The Closed Button In Lifts Are Fake

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The Closed Button In Lifts Are Fake

We all seen it before, the impatient person for which the lift doors do not close fast enough. They quickly push that close door button to speed up the process.

Ironically, this feature has been obsolete since the 1990s, suggesting the button is a complete fake – when pushed, lift doors will not close faster.

Experts have revealed that a large number of lifts the ‘close door’ button are fake but are present to make us feel in control.

Why would manufactures fit lifts with fake close buttons?  Two reasons, really.

1. Karen W. Penafiel, executive director of National Elevator Industry Inc., a trade group, said the close-door feature faded into obsolescence a few years after the enactment of the Americans With Disabilities Act in 1990.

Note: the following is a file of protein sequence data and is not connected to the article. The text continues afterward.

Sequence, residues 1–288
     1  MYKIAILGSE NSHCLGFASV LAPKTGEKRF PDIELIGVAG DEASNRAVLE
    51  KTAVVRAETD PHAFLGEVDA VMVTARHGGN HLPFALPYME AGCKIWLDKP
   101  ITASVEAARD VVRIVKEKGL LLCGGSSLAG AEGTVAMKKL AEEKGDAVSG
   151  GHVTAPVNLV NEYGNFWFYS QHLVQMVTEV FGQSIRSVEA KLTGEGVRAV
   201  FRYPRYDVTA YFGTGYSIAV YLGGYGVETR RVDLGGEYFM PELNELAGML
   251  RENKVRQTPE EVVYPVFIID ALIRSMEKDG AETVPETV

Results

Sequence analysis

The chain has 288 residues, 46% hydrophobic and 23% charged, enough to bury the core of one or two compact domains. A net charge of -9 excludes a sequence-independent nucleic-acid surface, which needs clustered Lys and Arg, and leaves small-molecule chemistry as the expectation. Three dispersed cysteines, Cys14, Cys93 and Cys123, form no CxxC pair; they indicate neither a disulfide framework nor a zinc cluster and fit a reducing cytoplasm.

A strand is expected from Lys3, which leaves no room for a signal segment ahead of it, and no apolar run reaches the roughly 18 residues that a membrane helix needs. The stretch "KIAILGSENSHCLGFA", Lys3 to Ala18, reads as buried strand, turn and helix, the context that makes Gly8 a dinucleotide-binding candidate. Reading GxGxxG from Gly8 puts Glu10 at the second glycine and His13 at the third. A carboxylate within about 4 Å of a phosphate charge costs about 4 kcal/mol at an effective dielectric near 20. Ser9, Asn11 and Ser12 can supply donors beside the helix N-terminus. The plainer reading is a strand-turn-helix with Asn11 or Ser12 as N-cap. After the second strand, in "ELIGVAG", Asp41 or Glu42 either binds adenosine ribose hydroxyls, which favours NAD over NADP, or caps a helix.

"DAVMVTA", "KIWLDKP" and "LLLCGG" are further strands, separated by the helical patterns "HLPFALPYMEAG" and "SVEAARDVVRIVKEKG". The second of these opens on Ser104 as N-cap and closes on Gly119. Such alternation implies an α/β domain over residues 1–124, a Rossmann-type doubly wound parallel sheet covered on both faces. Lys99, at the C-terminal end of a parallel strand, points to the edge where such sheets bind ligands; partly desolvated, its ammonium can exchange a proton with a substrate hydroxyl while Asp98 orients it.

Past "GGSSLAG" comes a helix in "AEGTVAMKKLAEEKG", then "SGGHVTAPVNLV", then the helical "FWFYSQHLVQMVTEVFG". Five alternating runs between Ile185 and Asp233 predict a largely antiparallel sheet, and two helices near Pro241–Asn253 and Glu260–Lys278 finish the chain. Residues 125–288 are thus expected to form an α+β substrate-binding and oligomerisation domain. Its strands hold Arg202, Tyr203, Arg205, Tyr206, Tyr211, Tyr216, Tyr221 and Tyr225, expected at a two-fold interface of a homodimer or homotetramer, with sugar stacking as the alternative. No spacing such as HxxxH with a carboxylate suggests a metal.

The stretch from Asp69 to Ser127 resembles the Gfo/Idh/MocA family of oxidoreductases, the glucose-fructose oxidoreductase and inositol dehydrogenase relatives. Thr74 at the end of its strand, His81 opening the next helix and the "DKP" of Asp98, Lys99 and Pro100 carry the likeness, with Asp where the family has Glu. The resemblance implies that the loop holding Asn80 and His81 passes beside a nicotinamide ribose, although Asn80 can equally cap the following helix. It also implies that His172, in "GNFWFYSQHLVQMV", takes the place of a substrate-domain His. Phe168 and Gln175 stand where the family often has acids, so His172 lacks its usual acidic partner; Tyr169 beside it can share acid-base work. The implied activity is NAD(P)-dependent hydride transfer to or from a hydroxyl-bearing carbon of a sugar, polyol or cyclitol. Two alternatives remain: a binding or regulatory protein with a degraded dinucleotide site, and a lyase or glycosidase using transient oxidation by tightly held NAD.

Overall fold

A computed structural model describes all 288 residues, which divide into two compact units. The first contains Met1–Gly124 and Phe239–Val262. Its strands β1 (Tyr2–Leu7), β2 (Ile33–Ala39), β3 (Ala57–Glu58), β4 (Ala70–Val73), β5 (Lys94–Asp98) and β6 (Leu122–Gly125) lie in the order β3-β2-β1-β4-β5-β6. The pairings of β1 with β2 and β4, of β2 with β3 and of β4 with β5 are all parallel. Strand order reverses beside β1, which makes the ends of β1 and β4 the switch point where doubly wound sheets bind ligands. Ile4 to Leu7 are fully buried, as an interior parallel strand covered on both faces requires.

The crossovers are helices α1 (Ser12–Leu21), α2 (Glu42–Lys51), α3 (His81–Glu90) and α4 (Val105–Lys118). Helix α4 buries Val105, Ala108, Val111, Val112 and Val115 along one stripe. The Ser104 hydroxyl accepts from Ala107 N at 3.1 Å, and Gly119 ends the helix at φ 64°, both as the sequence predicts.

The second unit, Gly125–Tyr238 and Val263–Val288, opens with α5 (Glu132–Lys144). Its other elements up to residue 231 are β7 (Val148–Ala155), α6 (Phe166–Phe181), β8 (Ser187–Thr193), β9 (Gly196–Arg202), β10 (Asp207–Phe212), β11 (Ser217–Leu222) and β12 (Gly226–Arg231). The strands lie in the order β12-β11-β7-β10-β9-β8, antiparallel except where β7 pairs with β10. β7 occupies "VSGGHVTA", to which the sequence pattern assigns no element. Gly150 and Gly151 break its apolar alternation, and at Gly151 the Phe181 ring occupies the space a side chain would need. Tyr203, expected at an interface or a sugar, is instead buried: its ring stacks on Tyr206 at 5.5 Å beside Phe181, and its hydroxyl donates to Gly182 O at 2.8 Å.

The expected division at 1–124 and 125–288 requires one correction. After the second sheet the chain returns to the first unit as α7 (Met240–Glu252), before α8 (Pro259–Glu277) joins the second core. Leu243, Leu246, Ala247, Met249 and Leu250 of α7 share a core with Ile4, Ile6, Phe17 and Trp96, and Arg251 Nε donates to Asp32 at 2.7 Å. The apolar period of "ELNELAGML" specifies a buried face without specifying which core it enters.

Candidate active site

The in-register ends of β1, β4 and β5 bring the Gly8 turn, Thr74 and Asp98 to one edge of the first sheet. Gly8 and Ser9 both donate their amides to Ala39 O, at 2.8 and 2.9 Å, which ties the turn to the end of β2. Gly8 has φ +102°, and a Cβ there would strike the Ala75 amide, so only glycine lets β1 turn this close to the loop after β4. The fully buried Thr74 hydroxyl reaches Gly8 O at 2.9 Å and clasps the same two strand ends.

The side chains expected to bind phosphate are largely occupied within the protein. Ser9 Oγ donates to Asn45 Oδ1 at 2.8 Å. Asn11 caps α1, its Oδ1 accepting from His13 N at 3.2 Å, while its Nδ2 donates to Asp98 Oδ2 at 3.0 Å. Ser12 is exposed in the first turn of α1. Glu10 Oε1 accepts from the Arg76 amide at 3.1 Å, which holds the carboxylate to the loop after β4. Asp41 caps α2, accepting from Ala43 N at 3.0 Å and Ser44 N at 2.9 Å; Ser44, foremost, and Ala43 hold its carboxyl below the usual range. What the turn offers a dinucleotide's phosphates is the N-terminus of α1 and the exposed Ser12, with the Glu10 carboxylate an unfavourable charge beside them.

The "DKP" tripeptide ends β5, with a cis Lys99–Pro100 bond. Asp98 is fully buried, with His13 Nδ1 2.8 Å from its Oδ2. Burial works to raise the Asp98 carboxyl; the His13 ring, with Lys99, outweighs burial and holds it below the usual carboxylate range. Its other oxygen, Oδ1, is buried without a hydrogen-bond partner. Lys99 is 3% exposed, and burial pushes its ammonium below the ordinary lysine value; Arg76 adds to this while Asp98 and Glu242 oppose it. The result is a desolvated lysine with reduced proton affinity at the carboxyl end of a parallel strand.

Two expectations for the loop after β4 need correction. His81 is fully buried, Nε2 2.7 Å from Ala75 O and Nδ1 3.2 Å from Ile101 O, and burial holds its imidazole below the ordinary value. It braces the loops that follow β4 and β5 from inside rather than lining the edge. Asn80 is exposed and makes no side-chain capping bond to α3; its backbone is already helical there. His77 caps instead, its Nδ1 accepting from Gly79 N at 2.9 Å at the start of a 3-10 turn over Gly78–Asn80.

She told told Christopher Mele with The New York Times in an interview. The legislation required that lift doors remain open long enough for anyone who uses crutches, a cane or wheelchair to get on board.
2. Although these buttons are useless for the average person, the buttons can be operated by firefighters and maintenance workers who have the proper keys or codes.
 Given that the lifespan of an lift is around 25 years, it’s safe to assume that the majority of lifts today the ‘close button’ is fake.
As shocking as it may seem to place fake ‘close buttons’ in lifts, there are there for a very good reason. There’s one consolation, the door-open buttons do work when you press them.

Although these buttons do not work, they do serve a function for our mental health. Many psychologist agree that this perception of control is very important to keep the stress down.

Elevators aren’t the only devices with ‘fake’ buttons – pedestrian lights in New York City are also on the list since the emergence of computer-controlled traffic lights. New York City is not alone in this,  this is a growing trend around the modern world.

In the greater good, this little white lie is harmless. It still feels good when you press the button and the door closes, not because of your action, but because it’s time for it to close. It still feels rewarding.


H/T Dailymail
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